by Wes Yohey
Good water practices aren't just great for the environment; it has a compounding benefit throughout our ecological and water systems, and, better yet, your wallet.
Managing Storm Water
Rain rushes off roofs, pavement and compacted soil in many suburban areas. This rush of storm water causes flooding downstream, erodes soil and stream banks, and muddies the water, which is harmful to fish and other wildlife. Storm water also picks up chemicals, debris, dirt, and other pollutants and flows into the storm sewer system or directly into a lake, stream, river or other body of water. The storm sewer discharge is untreated entering the bodies of water we use for swimming, fishing and drinking. Reducing irrigation water use, in combination with reducing impervious surface areas and pollutants such as pesticides, helps to minimize the negative impacts of storm water runoff.
Porous paving bricks
Porous paving bricks and pervious parking areas can help reduce storm water runoff by allowing rainwater to soak into the ground.
You can help slow runoff and help the soil hold the moisture plants need in summer by directing downspouts out into lawns (but away from the house), rain gardens, or rain barrels; and limiting impervious "hardscape" surfaces.
Rain gardens are landscaped areas designed to soak up rainwater from your roof, driveway, and/or lawn. These gardens collect rainwater runoff and filter and slowly release it into the ground, and typically can retain 30 percent more rainwater than a conventional patch of lawn. By reducing the volume and velocity of storm water runoff, rain gardens help reduce soil erosion, filter fine particulates, and capture fertilizer and excess nutrients that can pollute rivers and lakes. Planting dense strips of native trees, shrubs and groundcovers next to streams, lakes and ditches helps to stabilize the soil and to slow and filter runoff.
Mulch is a layer of organic material like leaves, aged wood chips, or grass clippings that you spread around your plants (in the Rocky Mountains and Southwest, rock mulches are preferable). Mulch stabilizes soil temperature, prevents weeds, adds nutrients to the soil to help feed plants, and helps to conserve water.
Compost helps sandy soils hold nutrients and water, loosens clay soils, and feeds the beneficial soil life so it can feed and protect your plants. You can make your own compost at home, or buy it in bags or bulk. Read more about composting on our Composting Article.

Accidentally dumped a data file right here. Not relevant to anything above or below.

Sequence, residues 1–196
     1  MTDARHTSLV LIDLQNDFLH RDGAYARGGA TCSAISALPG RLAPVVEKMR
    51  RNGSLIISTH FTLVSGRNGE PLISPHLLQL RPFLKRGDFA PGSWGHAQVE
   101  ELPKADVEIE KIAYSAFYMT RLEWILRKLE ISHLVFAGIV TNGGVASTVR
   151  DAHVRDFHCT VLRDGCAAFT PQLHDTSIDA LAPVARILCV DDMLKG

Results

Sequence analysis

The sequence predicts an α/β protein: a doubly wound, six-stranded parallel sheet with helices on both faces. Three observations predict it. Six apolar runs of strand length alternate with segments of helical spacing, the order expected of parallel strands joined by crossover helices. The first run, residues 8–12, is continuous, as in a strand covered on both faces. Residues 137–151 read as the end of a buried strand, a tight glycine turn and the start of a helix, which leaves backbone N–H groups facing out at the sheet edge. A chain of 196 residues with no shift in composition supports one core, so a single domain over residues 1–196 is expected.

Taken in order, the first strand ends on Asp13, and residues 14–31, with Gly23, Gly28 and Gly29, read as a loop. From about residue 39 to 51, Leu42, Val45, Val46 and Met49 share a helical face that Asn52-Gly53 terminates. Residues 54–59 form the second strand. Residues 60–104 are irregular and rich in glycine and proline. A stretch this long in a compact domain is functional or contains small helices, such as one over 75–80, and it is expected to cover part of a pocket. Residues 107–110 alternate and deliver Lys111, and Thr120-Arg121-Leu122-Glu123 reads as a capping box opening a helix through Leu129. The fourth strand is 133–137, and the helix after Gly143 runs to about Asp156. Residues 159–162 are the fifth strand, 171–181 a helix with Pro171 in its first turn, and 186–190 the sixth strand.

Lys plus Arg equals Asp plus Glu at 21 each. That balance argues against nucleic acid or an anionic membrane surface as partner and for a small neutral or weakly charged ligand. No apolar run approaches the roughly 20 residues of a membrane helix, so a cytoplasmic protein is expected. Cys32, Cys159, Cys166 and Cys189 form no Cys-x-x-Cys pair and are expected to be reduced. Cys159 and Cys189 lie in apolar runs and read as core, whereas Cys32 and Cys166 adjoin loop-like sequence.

Use porous pavement, gravel paving blocks, or other pavement options that let rain seep into the soil, in place of asphalt and traditional concrete. Porous pavement is a special type of pavement that allows rain and snowmelt to pass through it, thereby reducing the runoff from a site and surrounding areas. In addition, porous pavement can filter pollutants from the runoff.
Another alternative is to collect rainwater from rooftops in rain barrels - mosquito-proof containers that collect and store rainwater that would otherwise wind up in storm drains and streams. Rain provides free soft water to homeowners-containing no chlorine, lime or calcium, making it ideal for gardens, flower pots, and car and window washing.
A rain barrel can also be used to collect water and store it for when you need it most-during periods of drought-to water plants, wash your car, or to top off a swimming pool. A rain barrel will save the average homeowner about 1,300 gallons of water during the peak summer months, or 40% of total household water use (some drought-prone regions do not allow rain retention, check with local authorities before considering).
Fertilizer and Pesticide
Chemical fertilizers applied to lawns and gardens contribute to pollutants in our water supply by sometimes washing off during heavier rains or even through overwatering. While natural in a heavy rain, water run-off can also be attributed to heavy lawn thatch or compacted soil or a combination of the two. In addition, yard clippings and leaves can wash into storm drains and contribute excessive nutrients and organic matter to the watershed (surprisingly, excessive nutrients can be as much of a concern to water treatment plants as pollutants). Use chemical pesticides and fertilizers sparingly and always in strict accordance with the manufacturers application directions. Whenever possible, use compost and other non-toxic alternatives when possible. Read more about fertilizers at our articles, Fertilizers & Compost, What is Fertilizer? and Organic Fertilizers.
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